I assume that duolingo considers "Thanks, I'm going to HAVE a beer" incorrect, but I'm now being careful to translate literally, not meaningfully which IMO is a horrible thing for a language teaching site to force upon its users.

Therefore, I "corrected" my answer to "Thank you, I'm going to TAKE a beer." Yes, thanks, but I think I'll TAKE a whole 6-pack - and shove it under my coat as I sneak out of the liquor store without paying. LOL, if I were paying for it, why doesn't it say "comprar", right?


I translated it that way, and it was accepted.


Wouldn't I'm going to get a beer be ok?


'Thanks, I'll have a beer' or 'I'll have a beer thanks' would be good coloquial, non-literal translations.


Yes, I agree.

If someone offers you a drink and you accept, "Thanks, I'll have a beer." would be the correct response.

Although there might conceivably be some other context which could justify "Thanks, I'm going to drink a beer."

A: "I've always admired your recreational choices. What are going to do now?"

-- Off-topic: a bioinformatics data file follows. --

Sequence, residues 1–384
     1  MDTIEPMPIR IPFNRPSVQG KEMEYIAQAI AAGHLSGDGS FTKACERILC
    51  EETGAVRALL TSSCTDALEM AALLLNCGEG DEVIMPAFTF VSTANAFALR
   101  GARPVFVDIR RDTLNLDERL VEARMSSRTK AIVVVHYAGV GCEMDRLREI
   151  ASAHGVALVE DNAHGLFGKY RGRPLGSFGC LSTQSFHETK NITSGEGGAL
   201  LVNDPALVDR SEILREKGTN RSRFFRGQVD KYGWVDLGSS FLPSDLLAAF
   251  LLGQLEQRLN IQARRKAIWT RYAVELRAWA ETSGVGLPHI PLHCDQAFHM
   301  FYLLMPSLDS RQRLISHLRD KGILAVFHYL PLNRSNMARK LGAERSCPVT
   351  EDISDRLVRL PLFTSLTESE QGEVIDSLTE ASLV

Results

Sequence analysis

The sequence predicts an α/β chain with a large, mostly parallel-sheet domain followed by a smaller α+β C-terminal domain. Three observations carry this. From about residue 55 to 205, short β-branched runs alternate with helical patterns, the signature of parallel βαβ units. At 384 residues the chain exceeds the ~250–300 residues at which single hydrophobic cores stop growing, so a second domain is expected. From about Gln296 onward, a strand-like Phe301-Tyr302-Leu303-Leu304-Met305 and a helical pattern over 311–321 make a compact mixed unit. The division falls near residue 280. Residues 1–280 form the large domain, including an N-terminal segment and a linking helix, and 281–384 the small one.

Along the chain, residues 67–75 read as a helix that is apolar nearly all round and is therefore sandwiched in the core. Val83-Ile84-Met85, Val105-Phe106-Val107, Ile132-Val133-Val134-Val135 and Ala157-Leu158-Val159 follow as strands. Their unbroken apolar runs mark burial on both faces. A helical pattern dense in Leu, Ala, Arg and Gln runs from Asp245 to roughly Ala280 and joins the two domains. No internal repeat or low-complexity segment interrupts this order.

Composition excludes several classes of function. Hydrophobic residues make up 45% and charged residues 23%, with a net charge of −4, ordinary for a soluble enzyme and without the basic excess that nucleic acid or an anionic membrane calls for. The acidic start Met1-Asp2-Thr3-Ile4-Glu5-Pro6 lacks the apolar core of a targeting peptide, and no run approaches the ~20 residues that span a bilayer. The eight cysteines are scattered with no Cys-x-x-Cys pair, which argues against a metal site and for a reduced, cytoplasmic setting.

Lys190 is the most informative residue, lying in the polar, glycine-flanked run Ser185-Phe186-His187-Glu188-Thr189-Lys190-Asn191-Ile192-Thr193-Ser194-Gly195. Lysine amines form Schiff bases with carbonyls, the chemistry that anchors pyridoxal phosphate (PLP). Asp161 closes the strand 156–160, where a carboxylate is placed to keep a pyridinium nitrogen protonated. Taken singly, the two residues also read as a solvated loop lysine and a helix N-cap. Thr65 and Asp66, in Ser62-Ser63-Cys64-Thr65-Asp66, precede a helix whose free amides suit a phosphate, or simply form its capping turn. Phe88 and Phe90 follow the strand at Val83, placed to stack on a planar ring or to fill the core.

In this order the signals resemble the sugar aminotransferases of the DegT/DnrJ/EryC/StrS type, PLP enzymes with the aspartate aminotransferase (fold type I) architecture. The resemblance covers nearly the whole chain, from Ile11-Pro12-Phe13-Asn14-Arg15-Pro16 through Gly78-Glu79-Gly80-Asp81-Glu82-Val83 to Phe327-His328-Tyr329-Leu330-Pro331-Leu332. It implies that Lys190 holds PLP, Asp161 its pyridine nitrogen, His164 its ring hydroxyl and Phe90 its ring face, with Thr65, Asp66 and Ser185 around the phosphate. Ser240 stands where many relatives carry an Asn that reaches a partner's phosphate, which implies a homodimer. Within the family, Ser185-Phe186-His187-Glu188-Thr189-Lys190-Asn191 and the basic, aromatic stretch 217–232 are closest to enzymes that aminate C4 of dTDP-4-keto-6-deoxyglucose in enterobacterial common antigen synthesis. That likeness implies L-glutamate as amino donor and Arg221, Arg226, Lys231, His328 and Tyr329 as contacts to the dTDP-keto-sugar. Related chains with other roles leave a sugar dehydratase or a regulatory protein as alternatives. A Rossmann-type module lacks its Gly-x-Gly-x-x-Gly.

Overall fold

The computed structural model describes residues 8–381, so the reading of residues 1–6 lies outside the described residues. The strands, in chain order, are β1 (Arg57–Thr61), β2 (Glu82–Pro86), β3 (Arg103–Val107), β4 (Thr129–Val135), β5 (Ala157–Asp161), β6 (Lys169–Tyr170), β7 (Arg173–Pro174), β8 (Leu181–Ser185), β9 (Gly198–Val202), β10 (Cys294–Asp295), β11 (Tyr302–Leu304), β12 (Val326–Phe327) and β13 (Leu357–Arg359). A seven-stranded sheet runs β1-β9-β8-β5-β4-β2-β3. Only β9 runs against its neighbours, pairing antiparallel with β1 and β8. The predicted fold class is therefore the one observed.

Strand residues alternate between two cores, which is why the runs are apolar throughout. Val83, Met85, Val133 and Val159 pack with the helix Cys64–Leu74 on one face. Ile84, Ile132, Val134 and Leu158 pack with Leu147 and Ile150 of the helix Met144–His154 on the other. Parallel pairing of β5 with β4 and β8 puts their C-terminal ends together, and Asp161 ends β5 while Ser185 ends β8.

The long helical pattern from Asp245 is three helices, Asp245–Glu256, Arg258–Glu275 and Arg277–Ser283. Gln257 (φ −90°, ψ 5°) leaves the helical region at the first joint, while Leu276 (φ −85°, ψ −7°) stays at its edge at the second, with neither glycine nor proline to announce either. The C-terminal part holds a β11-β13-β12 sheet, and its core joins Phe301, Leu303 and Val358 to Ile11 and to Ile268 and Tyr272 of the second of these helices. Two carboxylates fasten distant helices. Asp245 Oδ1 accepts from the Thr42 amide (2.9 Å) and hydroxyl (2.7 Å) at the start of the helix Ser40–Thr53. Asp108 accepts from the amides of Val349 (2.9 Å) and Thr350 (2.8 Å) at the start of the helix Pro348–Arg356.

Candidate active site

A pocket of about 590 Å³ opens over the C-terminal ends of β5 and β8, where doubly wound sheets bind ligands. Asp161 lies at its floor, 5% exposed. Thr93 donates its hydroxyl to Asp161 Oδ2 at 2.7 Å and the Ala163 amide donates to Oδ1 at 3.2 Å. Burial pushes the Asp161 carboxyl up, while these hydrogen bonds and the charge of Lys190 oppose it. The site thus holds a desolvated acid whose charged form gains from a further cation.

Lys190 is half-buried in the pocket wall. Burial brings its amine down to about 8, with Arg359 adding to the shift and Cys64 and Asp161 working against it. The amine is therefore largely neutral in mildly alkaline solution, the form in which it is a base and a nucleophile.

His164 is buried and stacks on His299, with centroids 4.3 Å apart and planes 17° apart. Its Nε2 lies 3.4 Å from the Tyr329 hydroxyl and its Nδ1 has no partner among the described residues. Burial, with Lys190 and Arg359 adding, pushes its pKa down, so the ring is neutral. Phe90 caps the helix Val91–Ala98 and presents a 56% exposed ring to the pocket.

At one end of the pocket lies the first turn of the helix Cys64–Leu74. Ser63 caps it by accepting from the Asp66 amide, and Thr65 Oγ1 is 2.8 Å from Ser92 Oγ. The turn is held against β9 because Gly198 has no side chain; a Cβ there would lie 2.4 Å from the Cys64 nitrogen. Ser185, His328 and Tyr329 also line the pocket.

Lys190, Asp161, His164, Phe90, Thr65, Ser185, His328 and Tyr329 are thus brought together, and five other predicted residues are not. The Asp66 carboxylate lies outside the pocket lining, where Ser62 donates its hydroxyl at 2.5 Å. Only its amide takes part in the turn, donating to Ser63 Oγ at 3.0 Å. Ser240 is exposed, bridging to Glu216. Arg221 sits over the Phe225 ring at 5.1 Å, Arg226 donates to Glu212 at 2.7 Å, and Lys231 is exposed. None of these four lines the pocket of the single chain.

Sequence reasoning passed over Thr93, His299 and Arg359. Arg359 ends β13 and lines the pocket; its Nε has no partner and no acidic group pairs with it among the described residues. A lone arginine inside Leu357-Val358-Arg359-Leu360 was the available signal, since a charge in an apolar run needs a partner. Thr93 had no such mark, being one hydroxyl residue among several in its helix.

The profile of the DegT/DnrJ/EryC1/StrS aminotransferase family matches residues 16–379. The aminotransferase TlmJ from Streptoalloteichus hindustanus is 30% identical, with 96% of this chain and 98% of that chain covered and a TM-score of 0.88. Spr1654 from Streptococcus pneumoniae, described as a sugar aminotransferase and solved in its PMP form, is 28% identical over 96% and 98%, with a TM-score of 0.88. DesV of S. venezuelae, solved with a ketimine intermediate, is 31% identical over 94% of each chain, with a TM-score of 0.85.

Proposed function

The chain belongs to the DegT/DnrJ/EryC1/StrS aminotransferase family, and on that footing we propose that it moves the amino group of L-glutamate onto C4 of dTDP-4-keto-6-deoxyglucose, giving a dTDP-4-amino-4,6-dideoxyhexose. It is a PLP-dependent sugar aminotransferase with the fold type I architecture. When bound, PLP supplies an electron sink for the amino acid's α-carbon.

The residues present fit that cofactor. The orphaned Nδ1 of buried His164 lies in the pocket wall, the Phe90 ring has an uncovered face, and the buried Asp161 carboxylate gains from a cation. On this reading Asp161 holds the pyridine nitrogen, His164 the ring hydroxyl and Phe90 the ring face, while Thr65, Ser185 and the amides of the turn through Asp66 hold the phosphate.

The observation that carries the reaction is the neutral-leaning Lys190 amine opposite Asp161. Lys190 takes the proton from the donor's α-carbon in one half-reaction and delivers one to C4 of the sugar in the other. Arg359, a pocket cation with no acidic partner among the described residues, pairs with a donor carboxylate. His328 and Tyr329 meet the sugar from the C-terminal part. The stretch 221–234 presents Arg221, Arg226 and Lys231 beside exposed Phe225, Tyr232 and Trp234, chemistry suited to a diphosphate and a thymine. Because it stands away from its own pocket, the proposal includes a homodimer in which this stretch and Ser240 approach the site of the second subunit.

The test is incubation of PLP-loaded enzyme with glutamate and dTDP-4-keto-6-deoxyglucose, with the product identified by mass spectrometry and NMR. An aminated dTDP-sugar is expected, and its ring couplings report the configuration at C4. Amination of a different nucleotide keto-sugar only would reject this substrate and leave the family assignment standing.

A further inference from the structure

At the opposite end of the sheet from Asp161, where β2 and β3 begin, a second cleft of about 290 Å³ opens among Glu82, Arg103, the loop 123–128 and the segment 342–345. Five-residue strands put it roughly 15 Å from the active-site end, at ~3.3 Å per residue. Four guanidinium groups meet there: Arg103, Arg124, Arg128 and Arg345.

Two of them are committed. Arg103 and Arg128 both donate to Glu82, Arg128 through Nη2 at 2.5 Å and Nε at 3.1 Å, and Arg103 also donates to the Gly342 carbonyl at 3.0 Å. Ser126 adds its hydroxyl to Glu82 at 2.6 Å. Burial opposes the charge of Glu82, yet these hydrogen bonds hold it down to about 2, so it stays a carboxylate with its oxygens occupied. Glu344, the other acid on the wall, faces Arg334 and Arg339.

B: "Thanks, I'm going to drink a beer."



Have a beer and get a beer are two different actions. Have: tener (or in this case:tomar) Get: coger


I rather wouldn't say "voy a coger una cerveza" in Latin America, unless I'm writing the lyrics for a reggaeton. ;-)


You are correct that tomar = take, and that tener = have, but sometimes direct translating is incorrect, which is the case here.. When you say "thank you, I'll take a beer" it indicates that there has been a prior discussion of what to drink, or there was a choice of different drinks.


No I don't think that that should be accepted because when you say that you could mean that you are going to drive to a bar and get a beer, while saying "Thank you, I am going to have a beer" is like asking the bartender to give you a beer.


Question, why do they use voy, which is present tense, instead of ire (accent mark over the e), which is future tense?


"Thanks, I'll take a beer". Accepted too.


I live in Chile. Its always tomar and almost never beber


lol, i can't say "gonna"?


finally, a sentence i can relate to


What is the difference between "tomar" (to take) and "tomar" (to drink)?


I wrote am going to take a beer. It only mark me wrong because I left out the I . Thought I could just start with am but I guess not!!